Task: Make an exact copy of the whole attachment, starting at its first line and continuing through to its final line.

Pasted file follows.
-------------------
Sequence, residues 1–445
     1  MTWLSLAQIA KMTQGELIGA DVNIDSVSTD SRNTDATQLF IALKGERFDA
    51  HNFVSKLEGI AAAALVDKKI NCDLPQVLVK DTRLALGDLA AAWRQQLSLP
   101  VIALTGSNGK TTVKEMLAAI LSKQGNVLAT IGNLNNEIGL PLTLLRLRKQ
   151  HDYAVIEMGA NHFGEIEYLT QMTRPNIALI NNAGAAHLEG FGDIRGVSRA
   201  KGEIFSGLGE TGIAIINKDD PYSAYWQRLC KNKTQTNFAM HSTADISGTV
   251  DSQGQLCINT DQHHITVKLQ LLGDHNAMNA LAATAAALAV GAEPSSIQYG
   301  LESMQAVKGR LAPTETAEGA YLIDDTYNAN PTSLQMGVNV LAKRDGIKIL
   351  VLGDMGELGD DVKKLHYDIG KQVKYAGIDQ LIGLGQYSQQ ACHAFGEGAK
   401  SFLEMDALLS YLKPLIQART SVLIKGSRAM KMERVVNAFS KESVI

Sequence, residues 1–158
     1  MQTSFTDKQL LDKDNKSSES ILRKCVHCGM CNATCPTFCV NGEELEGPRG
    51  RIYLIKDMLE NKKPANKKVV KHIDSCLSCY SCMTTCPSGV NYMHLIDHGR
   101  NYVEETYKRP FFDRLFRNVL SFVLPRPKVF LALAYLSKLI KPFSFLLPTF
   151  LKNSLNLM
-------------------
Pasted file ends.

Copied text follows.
Sequence, residues 1–445
     1  MTWLSLAQIA KMTQGELIGA DVNIDSVSTD SRNTDATQLF IALKGERFDA
    51  HNFVSKLEGI AAAALVDKKI NCDLPQVLVK DTRLALGDLA AAWRQQLSLP
   101  VIALTGSNGK TTVKEMLAAI LSKQGNVLAT IGNLNNEIGL PLTLLRLRKQ
   151  HDYAVIEMGA NHFGEIEYLT QMTRPNIALI NNAGAAHLEG FGDIRGVSRA
   201  KGEIFSGLGE TGIAIINKDD PYSAYWQRLC KNKTQTNFAM HSTADISGTV
   251  DSQGQLCINT DQHHITVKLQ LLGDHNAMNA LAATAAALAV GAEPSSIQYG
   301  LESMQAVKGR LAPTETAEGA YLIDDTYNAN PTSLQMGVNV LAKRDGIKIL
   351  VLGDMGELGD DVKKLHYDIG KQVKYAGIDQ LIGLGQYSQQ ACHAFGEGAK
   401  SFLEMDALLS YLKPLIQART SVLIKGSRAM KMERVVNAFS KESVI

Sequence, residues 1–158
     1  MQTSFTDKQL LDKDNKSSES ILRKCVHCGM CNATCPTFCV NGEELEGPRG
    51  RIYLIKDMLE NKKPANKKVV KHIDSCLSCY SCMTTCPSGV NYMHLIDHGR
   101  NYVEETYKRP FFDRLFRNVL SFVLPRPKVF LALAYLSKLI KPFSFLLPTF
   151  LKNSLNLM